Phil Wallis, the man chosen to lead the Martha’s Vineyard Museum, has Vineyard connections and was most recently head of Audubon Pennsylvania.
The Martha’s Vineyard Museum board announced Monday that Phil Wallis, a native of southeastern Pennsylvania, and longtime Island visitor with family on the Vineyard, will be the museum’s new executive director, effective Feb. 16.
He replaces David Nathans, who resigned from the post in September after six years on the job. Mr. Wallis’s brother David Wallis is an Island artist with a home in Oak Bluffs.
Phil Wallis received his master’s degree in business administration from the Wharton Business School, and his undergraduate degree from Princeton University’s Woodrow Wilson School of Public Policy, according to a press release issued Monday. He has held leadership positions with several nonprofits over the past 20 years, most recently as executive director of Audubon Pennsylvania. At Audubon, Mr. Wallis led a team that grew the organization’s membership to 30,000 and completed two national education and conservation leadership centers serving more than 100,000 visitors and school-aged youth. Those projects included capital campaigns that raised $30 million.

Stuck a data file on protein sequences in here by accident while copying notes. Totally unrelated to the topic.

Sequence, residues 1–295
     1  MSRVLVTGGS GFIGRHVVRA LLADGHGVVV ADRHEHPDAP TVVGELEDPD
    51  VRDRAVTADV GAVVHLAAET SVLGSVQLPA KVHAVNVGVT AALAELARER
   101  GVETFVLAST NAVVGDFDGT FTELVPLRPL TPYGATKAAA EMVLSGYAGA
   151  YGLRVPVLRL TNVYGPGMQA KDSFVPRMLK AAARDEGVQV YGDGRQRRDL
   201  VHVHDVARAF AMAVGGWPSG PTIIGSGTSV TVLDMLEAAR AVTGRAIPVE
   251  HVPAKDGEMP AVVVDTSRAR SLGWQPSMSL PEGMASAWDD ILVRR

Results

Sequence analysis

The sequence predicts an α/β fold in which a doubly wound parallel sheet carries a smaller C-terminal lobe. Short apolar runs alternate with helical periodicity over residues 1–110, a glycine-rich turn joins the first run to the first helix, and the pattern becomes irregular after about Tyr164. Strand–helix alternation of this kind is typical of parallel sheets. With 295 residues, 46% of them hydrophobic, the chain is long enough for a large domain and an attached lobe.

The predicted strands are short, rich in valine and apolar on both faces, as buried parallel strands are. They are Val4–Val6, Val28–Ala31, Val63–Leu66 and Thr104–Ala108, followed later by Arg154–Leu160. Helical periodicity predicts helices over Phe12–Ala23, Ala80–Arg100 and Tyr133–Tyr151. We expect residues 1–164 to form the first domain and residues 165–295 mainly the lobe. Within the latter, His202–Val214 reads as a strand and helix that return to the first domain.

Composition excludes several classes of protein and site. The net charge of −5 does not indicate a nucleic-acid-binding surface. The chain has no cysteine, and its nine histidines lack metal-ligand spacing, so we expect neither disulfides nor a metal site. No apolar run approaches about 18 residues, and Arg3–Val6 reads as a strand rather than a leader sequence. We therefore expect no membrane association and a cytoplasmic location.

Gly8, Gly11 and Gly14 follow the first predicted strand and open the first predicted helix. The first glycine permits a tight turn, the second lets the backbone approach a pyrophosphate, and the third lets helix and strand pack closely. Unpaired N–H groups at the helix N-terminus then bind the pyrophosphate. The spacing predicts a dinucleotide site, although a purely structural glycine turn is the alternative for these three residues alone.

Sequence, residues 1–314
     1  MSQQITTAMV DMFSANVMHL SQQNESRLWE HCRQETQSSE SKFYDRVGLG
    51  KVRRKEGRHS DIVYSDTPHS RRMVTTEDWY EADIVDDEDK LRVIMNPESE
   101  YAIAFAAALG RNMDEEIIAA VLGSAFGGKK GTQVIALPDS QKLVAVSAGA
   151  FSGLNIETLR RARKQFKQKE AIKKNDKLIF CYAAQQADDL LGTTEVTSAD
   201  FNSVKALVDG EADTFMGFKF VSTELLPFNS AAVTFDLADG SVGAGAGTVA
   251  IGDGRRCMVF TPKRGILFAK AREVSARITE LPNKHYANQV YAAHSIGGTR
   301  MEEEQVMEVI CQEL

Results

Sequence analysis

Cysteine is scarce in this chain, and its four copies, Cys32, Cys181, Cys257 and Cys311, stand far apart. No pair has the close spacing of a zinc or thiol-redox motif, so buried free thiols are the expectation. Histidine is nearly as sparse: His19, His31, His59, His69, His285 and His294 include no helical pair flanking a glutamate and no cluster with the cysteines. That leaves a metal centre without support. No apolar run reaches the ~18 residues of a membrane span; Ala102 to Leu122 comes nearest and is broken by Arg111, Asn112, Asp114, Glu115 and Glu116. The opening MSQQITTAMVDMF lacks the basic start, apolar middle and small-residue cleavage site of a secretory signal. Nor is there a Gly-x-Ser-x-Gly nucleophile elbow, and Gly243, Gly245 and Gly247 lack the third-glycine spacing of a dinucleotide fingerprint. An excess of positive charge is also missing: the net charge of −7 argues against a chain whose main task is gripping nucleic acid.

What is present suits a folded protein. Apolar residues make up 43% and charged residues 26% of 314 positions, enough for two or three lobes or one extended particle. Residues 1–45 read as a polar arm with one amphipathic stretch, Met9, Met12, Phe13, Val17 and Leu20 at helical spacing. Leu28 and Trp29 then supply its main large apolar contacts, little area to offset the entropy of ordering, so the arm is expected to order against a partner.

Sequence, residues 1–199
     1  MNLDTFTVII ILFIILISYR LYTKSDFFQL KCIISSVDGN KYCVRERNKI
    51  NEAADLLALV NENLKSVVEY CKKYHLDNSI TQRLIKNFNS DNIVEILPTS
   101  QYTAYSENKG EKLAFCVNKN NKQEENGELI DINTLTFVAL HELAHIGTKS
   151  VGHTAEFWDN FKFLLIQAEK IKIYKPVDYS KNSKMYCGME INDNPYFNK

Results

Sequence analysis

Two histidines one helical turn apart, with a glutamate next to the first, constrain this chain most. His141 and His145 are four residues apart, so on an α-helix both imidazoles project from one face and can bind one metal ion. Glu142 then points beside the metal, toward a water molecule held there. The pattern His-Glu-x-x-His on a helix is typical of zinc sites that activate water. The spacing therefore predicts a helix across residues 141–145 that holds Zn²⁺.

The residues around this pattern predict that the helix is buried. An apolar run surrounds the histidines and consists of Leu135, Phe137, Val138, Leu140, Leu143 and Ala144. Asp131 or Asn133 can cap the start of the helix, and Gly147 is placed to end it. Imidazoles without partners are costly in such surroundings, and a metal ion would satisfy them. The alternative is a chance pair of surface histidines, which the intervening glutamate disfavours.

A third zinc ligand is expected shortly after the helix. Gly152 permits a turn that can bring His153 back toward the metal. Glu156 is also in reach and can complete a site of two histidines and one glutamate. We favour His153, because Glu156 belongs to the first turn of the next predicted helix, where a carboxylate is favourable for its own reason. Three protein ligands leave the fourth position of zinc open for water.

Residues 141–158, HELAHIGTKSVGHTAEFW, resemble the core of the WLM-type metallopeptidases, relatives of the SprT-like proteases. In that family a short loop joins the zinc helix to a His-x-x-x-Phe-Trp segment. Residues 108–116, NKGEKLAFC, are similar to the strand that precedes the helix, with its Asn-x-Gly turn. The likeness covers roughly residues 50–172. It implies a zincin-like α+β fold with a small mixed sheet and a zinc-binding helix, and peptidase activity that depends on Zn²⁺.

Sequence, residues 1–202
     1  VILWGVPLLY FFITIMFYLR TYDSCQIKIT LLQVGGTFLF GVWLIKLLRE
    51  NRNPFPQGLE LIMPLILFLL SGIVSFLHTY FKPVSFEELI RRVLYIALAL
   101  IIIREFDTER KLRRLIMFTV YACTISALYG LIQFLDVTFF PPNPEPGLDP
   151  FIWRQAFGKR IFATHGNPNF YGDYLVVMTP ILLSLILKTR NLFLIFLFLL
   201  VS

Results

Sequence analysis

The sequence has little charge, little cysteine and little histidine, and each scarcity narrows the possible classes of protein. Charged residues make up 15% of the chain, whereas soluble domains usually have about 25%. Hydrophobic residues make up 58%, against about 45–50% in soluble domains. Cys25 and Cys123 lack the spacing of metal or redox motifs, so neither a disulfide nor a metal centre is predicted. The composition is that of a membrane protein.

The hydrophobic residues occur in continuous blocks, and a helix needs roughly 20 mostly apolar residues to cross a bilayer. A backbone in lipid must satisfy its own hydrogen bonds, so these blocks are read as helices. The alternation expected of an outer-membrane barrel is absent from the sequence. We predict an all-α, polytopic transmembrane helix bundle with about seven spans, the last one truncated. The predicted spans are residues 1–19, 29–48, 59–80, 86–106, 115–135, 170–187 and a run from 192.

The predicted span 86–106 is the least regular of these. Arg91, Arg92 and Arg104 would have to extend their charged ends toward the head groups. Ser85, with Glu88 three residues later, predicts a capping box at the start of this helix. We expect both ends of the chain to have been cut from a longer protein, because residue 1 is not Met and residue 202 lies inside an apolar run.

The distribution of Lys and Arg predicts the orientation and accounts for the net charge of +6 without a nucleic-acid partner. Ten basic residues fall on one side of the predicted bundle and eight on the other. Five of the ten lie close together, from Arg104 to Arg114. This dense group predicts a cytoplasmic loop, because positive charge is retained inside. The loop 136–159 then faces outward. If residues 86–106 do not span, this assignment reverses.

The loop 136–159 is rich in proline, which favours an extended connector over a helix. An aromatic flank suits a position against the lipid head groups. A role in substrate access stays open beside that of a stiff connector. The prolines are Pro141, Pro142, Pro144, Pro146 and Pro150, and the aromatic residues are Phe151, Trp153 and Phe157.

That experience will come in handy as the museum moves forward with ambitious plans to move locations following its 2011 purchase of the old Marine Hospital/St. Pierre Summer School property, which overlooks Lagoon Pond in Vineyard Haven.
“We are delighted to have Phil leading our museum during this very important stage in our history,” Elizabeth Beim, museum board chairman, said in a press statement. “This is an exciting transformational time as we grow our museum and move into the Marine Hospital building in Vineyard Haven. We have begun our final architectural design process, and plan to open the new facility in 2018. This will require support from all communities on the Island, and Mr. Wallis is a proven collaborative leader and builder of non-profit organizations.”
“To lead in the transformation of the Martha’s Vineyard Museum, to expand the narrative of the Vineyard’s history, and to reconnect residents’ and visitors’ present experiences to the past through exciting interpretation in a truly extraordinary setting — I am thrilled to be part of this organization.” Mr. Wallis said. “The Vineyard is rich in its history, both human and natural, and in its multifaceted and seasonal communities. I believe that the museum can become the Island’s cultural center for everyone, that destination which residents and visitors alike ‘must see’ and experience, the institution that protects the Island’s sense of place … the memories that define us all.”
For more information on the museum, visit mvmuseum.org.